Team Sunderland are still planning to train hard despite Covid stoppage
Sports teams at Sunderland are preparing for a season like no other.
Due to COVID-19 restrictions the British Universities and Colleges (BUCS) season has been postponed until next year.
However, clubs are still able to go ahead with training, following guidance from universities, BUCS and the sport’s respective national body.
Despite not having face-to-face interactions with prospective players at events like the Freshers’ Fair, recruitment for Team Sunderland sides has continued.
Clubs like men’s football and netball have subsequently found themselves with similar levels of interest in previous years. Social Secretary of Team Sunderland Netball, Lucy Brooks, said that the club had found themselves with “more freshers than ever before” thanks to a social media recruitment campaign they started back in July.
Additionally, the university has implemented a free sports membership scheme, meaning that students wishing to participate in sport this year can sign up for free until January 1st, 2021.
Ben Jefferson, President of American Football at the university, suggests that this scheme has helped to increase the number of students interested in playing university sport.
However, he said that recruitment has still been difficult without face-to-face events and that interest in American football was about the same, possibly less than in previous years.
This is something that Team Sunderland’s basketball team also echoed.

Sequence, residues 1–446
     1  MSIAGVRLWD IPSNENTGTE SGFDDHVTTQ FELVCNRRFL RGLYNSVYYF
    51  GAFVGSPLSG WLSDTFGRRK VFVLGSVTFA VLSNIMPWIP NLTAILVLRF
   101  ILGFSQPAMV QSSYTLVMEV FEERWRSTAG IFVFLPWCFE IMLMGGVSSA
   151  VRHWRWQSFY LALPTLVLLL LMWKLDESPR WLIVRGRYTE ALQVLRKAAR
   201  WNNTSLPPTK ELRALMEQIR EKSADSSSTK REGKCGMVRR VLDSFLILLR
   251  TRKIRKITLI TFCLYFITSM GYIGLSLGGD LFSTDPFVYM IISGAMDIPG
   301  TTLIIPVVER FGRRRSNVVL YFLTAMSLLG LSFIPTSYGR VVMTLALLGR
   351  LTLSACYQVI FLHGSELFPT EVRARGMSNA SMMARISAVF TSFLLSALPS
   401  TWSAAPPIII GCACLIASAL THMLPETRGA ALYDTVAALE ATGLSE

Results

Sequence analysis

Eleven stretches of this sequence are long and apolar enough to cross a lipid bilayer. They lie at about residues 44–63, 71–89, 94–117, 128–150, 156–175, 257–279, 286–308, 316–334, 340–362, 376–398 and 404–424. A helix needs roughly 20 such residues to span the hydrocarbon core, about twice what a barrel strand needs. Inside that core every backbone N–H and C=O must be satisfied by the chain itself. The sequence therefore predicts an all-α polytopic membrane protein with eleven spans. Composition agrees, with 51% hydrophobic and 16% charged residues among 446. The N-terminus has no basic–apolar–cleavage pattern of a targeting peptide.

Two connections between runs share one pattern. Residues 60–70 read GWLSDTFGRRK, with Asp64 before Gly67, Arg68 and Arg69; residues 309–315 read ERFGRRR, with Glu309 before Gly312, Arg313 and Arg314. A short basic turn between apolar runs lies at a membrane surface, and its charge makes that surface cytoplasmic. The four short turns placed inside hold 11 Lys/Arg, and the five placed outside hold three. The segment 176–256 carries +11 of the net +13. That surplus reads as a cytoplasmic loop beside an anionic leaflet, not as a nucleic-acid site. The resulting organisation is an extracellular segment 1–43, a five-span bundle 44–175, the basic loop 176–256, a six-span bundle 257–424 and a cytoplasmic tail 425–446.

Joey Ong from women’s basketball said that sign-ups for the team this year have not been as high as previous years.
One thing this year’s students will have to adapt to are the new rules regulated by each sport’s national body. This means that different sports have their own set of guidance regarding how training sessions are conducted.
Adam Gill, a member of Team Sunderland football, said that their training sessions are still running but contact will be more limited than usual, with Covid officers in place to ensure that rules are being followed.
Basketball is also aiming to limit player contact, with a focus on individual drills in training sessions.
Team Sunderland’s netball club have also seen some changes this year, such as outdoor training for the foreseeable future. Furthermore, England Netball have altered their rules for the new conditions to ensure social distancing takes place on the court.
The marking of opponent players has also changed, with a focus on flying interceptions rather than body deflections, which Brooks suggests could possibly be trickier for players to defend the ball in some game scenarios.
Additionally, Jefferson said that currently all American Football training is non-contact. However, their regulatory body, the British American Football Association (BAFA), have implemented a timescale for when contact can gradually return.